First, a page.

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Photo: Chip Somodevilla/Getty Images

The House Judiciary Committee announced Monday that it would "hold the criminal contempt process in abeyance" for Attorney General Bill Barr after reaching a deal with the Justice Department to access underlying documents supporting the Mueller report.

The big picture: The House will still move forward with a resolution on Tuesday that will authorize committee chairs to go to civil court to enforce their subpoenas, per a House Democratic aide. As Politico's Andrew Desiderio notes, it's important to note the difference between "authorizing" and "issuing" a subpoena. House Judiciary Chairman Jerry Nadler will still seek authorization on Tuesday to go to court to enforce his subpoenas, but will hold off on suing now that DOJ is cooperating.

  • Both Barr and former White House counsel Don McGahn will be packaged into Tuesday's resolution.
  • Barr had previously rejected a House Judiciary subpoena to turn over the full, unredacted Mueller report, while McGahn has been blocked by the White House from turning over documents related to the committee's obstruction investigation into President Trump.

Statement from House Judiciary Chair Jerry Nadler:

"I am pleased to announce that the Department of Justice has agreed to begin complying with our committee's subpoena by opening Robert Mueller’s most important files to us, providing us with key evidence that the Special Counsel used to assess whether the President and others obstructed justice or were engaged in other misconduct.  The Department will share the first of these documents with us later today.  All members of the Judiciary Committee—Democrats and Republicans alike—will be able to view them.  These documents will allow us to perform our constitutional duties and decide how to respond to the allegations laid out against the President by the Special Counsel.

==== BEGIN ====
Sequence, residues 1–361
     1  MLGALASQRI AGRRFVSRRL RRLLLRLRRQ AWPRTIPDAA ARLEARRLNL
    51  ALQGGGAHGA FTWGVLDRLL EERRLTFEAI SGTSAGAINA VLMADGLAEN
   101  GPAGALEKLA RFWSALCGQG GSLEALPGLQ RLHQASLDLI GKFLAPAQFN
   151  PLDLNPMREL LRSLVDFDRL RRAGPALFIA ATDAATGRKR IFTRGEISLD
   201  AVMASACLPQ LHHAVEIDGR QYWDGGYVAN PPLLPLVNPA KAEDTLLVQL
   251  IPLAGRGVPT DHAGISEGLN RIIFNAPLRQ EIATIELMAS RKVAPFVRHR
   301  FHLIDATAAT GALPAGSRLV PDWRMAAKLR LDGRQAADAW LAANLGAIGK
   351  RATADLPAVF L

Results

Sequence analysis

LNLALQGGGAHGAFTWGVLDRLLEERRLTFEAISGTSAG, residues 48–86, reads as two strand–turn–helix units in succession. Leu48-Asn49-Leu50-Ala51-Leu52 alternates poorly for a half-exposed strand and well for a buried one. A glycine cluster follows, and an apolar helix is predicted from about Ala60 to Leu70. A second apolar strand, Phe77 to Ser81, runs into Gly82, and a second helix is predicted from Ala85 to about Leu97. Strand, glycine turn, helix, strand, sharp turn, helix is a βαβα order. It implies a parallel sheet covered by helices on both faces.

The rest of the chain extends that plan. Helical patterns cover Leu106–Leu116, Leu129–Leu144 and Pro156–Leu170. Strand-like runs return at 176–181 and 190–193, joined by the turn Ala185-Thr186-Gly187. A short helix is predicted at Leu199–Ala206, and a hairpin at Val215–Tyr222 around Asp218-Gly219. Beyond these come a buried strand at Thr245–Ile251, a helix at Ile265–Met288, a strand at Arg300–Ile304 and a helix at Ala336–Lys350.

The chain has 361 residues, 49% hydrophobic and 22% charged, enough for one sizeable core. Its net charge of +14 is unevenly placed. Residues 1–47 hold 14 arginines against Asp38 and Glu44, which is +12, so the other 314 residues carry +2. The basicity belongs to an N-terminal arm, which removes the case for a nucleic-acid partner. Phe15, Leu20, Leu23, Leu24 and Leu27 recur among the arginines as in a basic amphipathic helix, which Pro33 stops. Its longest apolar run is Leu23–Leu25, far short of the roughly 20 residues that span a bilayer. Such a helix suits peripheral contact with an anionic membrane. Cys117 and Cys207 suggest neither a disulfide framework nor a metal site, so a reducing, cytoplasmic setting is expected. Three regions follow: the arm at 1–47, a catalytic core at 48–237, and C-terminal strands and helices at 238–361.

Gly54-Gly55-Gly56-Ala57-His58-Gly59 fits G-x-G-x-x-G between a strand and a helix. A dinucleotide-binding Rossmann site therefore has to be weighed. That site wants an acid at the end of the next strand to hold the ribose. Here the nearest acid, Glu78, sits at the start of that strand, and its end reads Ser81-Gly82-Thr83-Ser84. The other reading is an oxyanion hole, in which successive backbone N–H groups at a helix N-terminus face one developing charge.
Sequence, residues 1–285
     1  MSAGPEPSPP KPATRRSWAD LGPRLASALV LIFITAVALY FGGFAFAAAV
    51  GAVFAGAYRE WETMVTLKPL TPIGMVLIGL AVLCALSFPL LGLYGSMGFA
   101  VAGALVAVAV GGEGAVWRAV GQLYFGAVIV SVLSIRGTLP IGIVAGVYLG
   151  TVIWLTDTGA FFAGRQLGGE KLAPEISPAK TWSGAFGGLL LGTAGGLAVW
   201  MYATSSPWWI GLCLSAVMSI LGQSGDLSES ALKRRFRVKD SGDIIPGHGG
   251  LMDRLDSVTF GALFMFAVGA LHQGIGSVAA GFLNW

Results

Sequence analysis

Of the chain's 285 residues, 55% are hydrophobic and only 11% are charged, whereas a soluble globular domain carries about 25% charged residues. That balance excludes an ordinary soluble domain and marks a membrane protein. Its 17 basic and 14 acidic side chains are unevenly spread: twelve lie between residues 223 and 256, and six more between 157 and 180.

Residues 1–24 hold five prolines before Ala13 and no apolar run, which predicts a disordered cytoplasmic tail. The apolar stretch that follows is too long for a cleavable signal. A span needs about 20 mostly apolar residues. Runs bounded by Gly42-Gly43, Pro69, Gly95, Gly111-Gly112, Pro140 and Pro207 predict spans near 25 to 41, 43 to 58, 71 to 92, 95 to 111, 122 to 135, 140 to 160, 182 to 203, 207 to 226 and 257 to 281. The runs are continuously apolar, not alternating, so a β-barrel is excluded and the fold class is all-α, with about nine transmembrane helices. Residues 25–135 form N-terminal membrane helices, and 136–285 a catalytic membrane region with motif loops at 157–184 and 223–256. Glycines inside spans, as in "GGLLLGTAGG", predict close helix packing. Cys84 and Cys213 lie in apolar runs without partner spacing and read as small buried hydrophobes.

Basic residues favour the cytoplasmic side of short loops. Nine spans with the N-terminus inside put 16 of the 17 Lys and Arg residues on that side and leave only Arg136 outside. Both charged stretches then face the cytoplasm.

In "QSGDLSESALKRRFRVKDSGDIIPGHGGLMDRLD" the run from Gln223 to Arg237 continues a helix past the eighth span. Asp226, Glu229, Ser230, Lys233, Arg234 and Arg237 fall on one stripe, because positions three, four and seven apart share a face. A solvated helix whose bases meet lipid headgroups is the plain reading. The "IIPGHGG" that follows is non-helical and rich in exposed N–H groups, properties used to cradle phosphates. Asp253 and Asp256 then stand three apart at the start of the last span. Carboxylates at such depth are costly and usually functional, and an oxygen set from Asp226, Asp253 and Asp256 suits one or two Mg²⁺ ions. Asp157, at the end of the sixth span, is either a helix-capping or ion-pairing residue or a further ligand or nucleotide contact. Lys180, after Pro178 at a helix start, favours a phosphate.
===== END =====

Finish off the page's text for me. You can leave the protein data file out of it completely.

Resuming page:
"Given our conversations with the Department, I will hold the criminal contempt process in abeyance for now.  We have agreed to allow the Department time to demonstrate compliance with this agreement.  If the Department proceeds in good faith and we are able to obtain everything that we need, then there will be no need to take further steps.  If important information is held back, then we will have no choice but to enforce our subpoena in court and consider other remedies.  It is critical that Congress is able to obtain the information we need to do our jobs, ensuring no one is above the law and bringing the American public the transparency they deserve."

Go deeper: The new case for impeachment

Go deeper

Pelosi calls raising the debt ceiling a bipartisan responsibility

Photo: Samuel Corum/Bloomberg via Getty Images

House Speaker Nancy Pelosi (D-Calif.) issued a "dear colleague" statement Sunday evening, calling on Congress to act in a bipartisan manner to raise the nation's debt ceiling.

Why it matters: Congress is fast approaching an October deadline to raise the nation's debt ceiling and avoid a government shutdown. But the issue has become a thorny partisan stand-off.

3 hours ago - Politics & Policy

Beto not even best Dem against Abbott

Beto O'Rourke speaks at a rally at the Texas State Capitol in June. Photo: Sergio Flores/Getty Images

Actor Matthew McConaughey’s nine-point lead in a theoretical matchup against Greg Abbott shows just how vulnerable the hard-right Texas governor could be in a general election.

Why it matters: Abbott has won conservative accolades for his abortion, mask and vaccine bans. Axios reported Sunday that former Rep. Beto O’Rourke is preparing to announce a gubernatorial challenge — but a recent poll shows he’s not even the most popular Democrat in the state.

3 hours ago - Politics & Policy

Delayed maps upend midterm campaigns

Illustration: Shoshana Gordon/Axios

Midterm candidates are panicking about how the congressional maps will ultimately be drawn, with several strategists telling Axios campaigns are in limbo.

Why it matters: Candidates are unsure if the district they're targeting will remain intact or be reshaped by the process. The uncertainty is especially vexing to Democrats, who are vying to maintain their narrow margin in the House.